Making an appointment and not keeping it, issuing an invitation too late for it to be accepted, not offering food or a drink, not standing up when a lady or important man enters, treating one’s subordinates like lackeys in public, raising one’s voice harshly in public, interrupting what someone else is saying to “do something important,” not saying thank you or good night—these are all “bad manners.” People who do these or a thousand other discourtesies are mentally rejected by those with whom they come into contact. 

As public relations is basically acceptance then bad manners defeat it utterly. 

To apply the techniques of PR successfully, a person has to have good manners. 

This is not hard. One has to assess his attitude toward others and iron it out. Are they individually important? And then he has to have his two-way communication cycle so perfect and natural, it is never noticed. 

Given those two things, a person can now learn the bits of ritual that go to make up the procedure that is considered “good manners” in the group with which he is associating. 

Then given public relations technology correctly used, one has successful PR. 


People resent those who grant them no importance. One crucial part of “good manners” is granting importance to other people.
To see and acknowledge the existence of people is a granting of their importance.

You have no idea how important people are. There is a reversed ratio— those at the bottom have a self-importance far greater than those at the top who are important. A charlady’s (cleaning woman’s) concept of her own importance is far greater than that of a successful general manager!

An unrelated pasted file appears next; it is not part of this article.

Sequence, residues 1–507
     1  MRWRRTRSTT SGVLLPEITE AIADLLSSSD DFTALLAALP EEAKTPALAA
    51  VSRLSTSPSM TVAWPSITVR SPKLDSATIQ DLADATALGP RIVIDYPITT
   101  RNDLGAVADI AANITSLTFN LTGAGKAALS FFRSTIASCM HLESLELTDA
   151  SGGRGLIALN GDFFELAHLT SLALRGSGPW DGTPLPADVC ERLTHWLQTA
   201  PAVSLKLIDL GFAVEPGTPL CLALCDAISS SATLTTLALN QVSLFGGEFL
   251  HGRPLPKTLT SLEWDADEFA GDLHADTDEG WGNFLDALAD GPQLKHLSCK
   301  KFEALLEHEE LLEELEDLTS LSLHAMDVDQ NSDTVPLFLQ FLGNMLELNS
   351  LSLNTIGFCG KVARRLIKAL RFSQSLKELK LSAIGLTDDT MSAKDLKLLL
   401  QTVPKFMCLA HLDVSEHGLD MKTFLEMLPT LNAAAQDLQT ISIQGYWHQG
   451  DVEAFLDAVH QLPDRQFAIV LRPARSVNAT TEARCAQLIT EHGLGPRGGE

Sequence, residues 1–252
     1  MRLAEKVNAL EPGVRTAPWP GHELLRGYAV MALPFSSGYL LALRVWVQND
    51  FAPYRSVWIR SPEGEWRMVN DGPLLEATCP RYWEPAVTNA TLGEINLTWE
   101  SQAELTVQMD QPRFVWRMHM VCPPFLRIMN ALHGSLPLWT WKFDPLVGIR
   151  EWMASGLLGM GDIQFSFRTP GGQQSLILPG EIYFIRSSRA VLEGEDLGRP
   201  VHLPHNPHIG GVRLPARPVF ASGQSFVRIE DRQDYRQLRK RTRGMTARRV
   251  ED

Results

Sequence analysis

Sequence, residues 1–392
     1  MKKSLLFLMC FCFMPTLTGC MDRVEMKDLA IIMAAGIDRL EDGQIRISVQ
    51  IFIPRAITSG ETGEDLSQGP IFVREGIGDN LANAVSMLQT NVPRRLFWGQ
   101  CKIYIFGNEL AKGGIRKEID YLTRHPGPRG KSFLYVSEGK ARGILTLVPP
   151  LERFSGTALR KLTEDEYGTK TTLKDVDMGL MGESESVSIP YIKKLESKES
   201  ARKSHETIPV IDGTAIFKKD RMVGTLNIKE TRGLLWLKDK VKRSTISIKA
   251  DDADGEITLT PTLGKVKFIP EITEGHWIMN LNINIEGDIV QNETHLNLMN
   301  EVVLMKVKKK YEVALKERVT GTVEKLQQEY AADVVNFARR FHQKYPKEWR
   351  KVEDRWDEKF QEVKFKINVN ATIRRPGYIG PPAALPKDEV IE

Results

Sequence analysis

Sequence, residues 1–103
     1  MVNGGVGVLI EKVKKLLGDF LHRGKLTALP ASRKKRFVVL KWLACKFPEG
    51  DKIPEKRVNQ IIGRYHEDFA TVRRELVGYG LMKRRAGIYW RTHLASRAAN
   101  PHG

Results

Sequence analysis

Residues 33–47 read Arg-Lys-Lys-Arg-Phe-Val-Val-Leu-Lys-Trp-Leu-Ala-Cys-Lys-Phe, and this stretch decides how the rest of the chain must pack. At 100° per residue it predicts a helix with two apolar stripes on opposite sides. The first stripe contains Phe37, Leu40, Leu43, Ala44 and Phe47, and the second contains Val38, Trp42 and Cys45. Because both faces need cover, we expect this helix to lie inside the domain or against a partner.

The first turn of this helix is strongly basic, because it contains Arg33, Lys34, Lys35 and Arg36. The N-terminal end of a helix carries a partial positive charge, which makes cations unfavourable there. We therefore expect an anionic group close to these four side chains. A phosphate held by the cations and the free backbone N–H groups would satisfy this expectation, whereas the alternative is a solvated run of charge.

Ignore people at your peril

Flattery is not very useful, is often suspect, as it does not come from a sincere belief and the falsity in it is detectable to all but a fool. 

A person’s importance is made evident to him by showing him respect, or just by assuring him he is visible and acceptable. 

To see and acknowledge the existence of someone is a granting of their importance. 

To know their name and their connections also establishes importance. 

Asserting one’s own importance is about as acceptable as a dead cat at a wedding. 

People have value and are important. Big or small they are important. 

If you know that, you are halfway home with good manners. 

Thus public relations can occur. 


The two-way communication cycle is more important than the content. 

The content of the communication, the meaning to be put across to another or others, is secondary to the fact of a two-way communication cycle. 

A communication which travels in one direction only never establishes a two-way communication cycle. In social situations, acceptance of the person won’t occur without it.

Good manners require a two-way communication cycle between oneself and the other person.

Communication exists to be replied to or used. 

Communication, with the communication cycle present first, must exist before it carries any message. 

Messages do not travel on no communication line. The line or route along which a communication travels from one person to another must be there. 

Advertising is always violating this. “Buy Beanos!” into the empty air. Other things must establish the line. And the line must be such as to obtain an answer, either by use or purchase or reply.